Lawmakers propose needle exchange program to combat HIV/AIDS
State lawmakers hoping to reduce the number of Floridians living with HIV/AIDS and hepatitis B and C are for the fourth time putting their weight behind a needle exchange program in Miami-Dade County.
The program — which would allow intravenous drug users to safely discard used needles and syringes in exchange for clean ones — would begin as a pilot program run by the University of Miami. It cleared its first Senate committee on a unanimous vote Monday.
This bill (SB 242), sponsored by Sen. Oscar Braynon, D-Miami Gardens, made it to the Senate floor last year but died in the House Judiciary Committee.
Opponents say programs like this make it easier for people to use illegal drugs. But Braynon says those detractors miss the point.
“I don’t think they understand how intravenous drug use works,” he said. “They don’t understand that it’s a debilitating and crippling addiction. The only way we can help them is to bring them into the system.”
Braynon’s proposal would be funded entirely by private donations. No state or local money could go to the program. And it would come back to the Legislature for reevaluation in 2020.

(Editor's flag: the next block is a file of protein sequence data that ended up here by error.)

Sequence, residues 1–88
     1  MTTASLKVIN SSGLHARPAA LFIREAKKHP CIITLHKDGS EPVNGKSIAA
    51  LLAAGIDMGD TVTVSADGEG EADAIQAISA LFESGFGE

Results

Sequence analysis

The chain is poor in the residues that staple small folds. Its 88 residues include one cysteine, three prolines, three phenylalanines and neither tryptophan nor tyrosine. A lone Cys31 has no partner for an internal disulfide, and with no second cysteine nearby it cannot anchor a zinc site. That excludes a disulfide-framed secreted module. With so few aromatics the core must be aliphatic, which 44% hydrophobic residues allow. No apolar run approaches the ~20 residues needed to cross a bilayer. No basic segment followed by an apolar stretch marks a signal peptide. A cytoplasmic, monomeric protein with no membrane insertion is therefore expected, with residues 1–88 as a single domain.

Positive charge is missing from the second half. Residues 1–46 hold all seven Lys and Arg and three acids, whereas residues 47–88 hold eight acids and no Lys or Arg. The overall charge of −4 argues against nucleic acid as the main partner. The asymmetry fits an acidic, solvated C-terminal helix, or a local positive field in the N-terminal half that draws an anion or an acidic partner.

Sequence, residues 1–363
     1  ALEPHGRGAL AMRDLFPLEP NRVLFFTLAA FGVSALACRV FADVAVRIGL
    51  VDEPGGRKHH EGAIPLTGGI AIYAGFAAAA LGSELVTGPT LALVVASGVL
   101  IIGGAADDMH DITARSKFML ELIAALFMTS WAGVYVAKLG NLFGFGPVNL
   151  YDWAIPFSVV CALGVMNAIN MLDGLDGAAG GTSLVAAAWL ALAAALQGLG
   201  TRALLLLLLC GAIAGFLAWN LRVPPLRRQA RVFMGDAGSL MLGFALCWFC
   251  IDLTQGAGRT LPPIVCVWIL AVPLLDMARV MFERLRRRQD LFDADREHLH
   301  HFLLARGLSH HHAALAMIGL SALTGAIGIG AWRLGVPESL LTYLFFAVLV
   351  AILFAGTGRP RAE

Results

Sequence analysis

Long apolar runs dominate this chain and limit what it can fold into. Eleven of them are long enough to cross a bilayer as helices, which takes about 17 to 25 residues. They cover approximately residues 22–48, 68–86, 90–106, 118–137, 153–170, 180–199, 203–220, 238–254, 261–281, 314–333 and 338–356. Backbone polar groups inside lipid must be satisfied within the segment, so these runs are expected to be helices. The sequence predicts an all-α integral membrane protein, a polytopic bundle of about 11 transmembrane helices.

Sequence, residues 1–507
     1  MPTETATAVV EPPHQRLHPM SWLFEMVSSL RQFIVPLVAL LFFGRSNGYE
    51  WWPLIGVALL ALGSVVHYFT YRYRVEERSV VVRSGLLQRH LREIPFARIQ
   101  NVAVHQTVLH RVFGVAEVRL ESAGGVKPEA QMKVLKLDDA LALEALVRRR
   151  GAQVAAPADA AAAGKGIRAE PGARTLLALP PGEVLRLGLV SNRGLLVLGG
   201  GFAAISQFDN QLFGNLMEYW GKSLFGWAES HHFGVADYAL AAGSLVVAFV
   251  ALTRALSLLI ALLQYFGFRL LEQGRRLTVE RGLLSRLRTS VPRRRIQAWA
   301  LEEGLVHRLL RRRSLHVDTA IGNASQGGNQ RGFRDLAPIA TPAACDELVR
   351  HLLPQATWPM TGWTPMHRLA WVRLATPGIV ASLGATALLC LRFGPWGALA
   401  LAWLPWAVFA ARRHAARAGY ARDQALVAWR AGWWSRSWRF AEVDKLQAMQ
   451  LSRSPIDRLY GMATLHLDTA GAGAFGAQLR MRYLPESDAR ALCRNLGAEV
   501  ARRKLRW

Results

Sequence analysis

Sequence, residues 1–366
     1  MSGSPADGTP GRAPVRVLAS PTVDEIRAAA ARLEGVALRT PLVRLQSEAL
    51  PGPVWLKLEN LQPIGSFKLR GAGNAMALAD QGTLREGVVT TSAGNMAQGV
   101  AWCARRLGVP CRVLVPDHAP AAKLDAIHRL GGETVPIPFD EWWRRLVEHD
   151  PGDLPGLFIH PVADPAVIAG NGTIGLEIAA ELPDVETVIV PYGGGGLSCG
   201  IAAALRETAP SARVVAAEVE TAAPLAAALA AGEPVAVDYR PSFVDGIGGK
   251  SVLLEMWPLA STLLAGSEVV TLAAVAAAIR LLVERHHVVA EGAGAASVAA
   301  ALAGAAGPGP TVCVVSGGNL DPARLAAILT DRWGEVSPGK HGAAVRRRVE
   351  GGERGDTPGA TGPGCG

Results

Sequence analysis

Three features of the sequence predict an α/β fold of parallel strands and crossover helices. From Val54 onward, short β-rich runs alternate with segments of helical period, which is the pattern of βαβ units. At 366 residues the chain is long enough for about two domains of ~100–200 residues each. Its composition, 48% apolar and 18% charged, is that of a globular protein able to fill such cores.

But Braynon’s hope is that the pilot program could blossom into a statewide effort.
Needle exchange programs like this one are a popular way for states to try and curb the spread of bloodborne diseases like HIV, which affects 26,445 people in Miami-Dade alone and 101,977 people across the state, according to the Florida Department of Health. Nearly a fifth of those cases are intravenous drug users.
In Hillsborough and Pinellas counties the numbers of those living with HIV/AIDS are lower -- 6,262 and 3,675, respectively -- although they are more frequently related to drug use than in Miami-Dade County or the state on average.
Even opponents of the programs are starting to turn to them. Indiana Gov. Mike Pence, a staunch opponent of needle exchanges, pushed a bill through that state’s legislature last spring after tiny Scott County saw 140 HIV diagnoses tied to drug use in just a few months, prompting Pence to declare a state of emergency.